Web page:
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News 'Anti-China Atmosphere In India Easing Since Modi Took Over'   Email this page
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BEIJING: Anti-China atmosphere in India is easing since Prime Minister Narendra Modi took over and bilateral ties have "rosy prospects" in view of Chinese President Xi Jinping's forthcoming state visit to the country, an article in the official media here said.
"Modi has been an old friend of China for many years. There has been an anti-China atmosphere among India's public opinion since 1962. However, such a sentiment has been mitigated since Modi assumed office," said an article titled 'China, India should make endeavours toward their shared destiny' in the state-run Global Times.

"Of course, more time is needed to eliminate such a mentality. The two governments and peoples should spare no effort to improve bilateral relations," said the article by Tan Zhong, a Chinese scholar on Indian affairs based in the U.S.

"His (Modi's) guiding principle toward China is peace, friendship, cooperation and communication. With Chinese President Xi Jinping's state visit to India drawing near, the Beijing-New Delhi relationship has rosy prospects," it said.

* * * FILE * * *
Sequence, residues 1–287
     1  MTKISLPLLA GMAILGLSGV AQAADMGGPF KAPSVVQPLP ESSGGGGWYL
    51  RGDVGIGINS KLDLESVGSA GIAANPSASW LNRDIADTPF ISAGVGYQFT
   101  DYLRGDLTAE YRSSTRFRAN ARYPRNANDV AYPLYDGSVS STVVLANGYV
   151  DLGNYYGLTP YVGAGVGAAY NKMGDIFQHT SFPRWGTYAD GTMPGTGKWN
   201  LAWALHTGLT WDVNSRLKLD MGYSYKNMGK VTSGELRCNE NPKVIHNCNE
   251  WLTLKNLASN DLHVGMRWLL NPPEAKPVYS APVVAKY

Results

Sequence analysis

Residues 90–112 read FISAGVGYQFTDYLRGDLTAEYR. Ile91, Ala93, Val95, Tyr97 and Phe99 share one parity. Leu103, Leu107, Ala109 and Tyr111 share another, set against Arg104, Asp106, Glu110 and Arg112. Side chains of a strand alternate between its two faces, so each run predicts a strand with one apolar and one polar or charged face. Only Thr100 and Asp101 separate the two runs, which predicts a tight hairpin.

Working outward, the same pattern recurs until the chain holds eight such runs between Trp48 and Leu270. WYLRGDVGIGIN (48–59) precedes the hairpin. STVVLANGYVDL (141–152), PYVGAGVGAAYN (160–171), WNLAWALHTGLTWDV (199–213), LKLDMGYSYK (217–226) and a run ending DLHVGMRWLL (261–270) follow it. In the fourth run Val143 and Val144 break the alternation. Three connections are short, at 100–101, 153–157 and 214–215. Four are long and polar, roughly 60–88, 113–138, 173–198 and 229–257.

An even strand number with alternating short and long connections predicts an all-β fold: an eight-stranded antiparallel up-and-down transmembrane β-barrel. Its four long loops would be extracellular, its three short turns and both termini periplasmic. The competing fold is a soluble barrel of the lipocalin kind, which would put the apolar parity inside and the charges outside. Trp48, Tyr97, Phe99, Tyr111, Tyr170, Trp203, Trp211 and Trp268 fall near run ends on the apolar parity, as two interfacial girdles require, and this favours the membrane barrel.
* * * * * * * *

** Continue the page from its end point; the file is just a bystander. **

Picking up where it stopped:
Highlighting Modi's plans to rejuvenate India's economy and remove all the barriers to facilitate economic development, the article said India and China should build on community of shared destiny.

"Such a community, with a population of 2.5 billion, will be of remarkable significance and play an important role in shaping the new global order," the article said.

Modi is unwilling to adopt major changes to the foreign policies of the previous government, it said.

China has envisioned a Silk Road economic belt and the 21st century maritime Silk Road, which will be the theme during Xi's India trip," the article said.

Xi's visit is expected to take place in the third week of next month though the schedule is yet to be announced. The Qinghai-Tibet railway stretching from Lhasa to Shigatse has already been opened to traffic, the article said pointing to the launch of the new railway project in Tibet which comes close to the Indian border near Sikkim.

"All these are laying a solid foundation for the construction of a Sino-Indian community of shared destiny. The Silk Road in history started from China and India and then extended to Europe. And Buddhism was spread to China through this road," it said.

"It is high time that the two countries make concerted efforts to create a community of shared destiny," it added.

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